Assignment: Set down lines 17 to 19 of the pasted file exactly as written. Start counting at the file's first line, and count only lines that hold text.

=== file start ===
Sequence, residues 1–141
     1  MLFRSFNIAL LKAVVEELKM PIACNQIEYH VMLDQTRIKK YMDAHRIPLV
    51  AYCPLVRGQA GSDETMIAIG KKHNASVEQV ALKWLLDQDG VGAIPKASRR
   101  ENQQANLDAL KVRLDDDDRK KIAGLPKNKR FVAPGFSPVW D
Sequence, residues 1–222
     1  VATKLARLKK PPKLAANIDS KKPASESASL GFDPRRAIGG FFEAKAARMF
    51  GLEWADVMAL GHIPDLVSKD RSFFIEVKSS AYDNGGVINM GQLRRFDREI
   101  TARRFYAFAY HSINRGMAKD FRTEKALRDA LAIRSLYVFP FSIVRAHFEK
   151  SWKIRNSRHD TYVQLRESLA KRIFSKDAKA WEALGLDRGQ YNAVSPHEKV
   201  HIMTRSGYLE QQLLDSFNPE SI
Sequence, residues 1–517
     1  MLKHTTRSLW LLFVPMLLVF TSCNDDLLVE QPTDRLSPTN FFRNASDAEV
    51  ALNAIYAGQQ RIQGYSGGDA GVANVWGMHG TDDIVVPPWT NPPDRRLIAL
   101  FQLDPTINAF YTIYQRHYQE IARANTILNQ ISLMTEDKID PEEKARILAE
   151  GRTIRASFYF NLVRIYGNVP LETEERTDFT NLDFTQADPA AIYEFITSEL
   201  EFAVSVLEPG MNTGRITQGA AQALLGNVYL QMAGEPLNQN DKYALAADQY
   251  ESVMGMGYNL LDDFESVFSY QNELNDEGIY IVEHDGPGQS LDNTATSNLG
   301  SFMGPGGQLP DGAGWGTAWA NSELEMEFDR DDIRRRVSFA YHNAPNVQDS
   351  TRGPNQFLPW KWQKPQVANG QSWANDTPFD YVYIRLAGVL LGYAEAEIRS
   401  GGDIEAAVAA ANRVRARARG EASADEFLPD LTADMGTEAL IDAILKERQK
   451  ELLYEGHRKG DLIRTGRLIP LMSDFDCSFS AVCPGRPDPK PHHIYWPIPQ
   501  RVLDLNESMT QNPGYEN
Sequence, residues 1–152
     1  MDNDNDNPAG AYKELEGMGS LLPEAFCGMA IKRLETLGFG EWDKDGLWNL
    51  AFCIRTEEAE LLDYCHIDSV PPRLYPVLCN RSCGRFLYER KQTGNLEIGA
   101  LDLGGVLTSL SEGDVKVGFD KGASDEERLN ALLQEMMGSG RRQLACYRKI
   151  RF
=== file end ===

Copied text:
   251  ESVMGMGYNL LDDFESVFSY QNELNDEGIY IVEHDGPGQS LDNTATSNLG
   301  SFMGPGGQLP DGAGWGTAWA NSELEMEFDR DDIRRRVSFA YHNAPNVQDS
   351  TRGPNQFLPW KWQKPQVANG QSWANDTPFD YVYIRLAGVL LGYAEAEIRS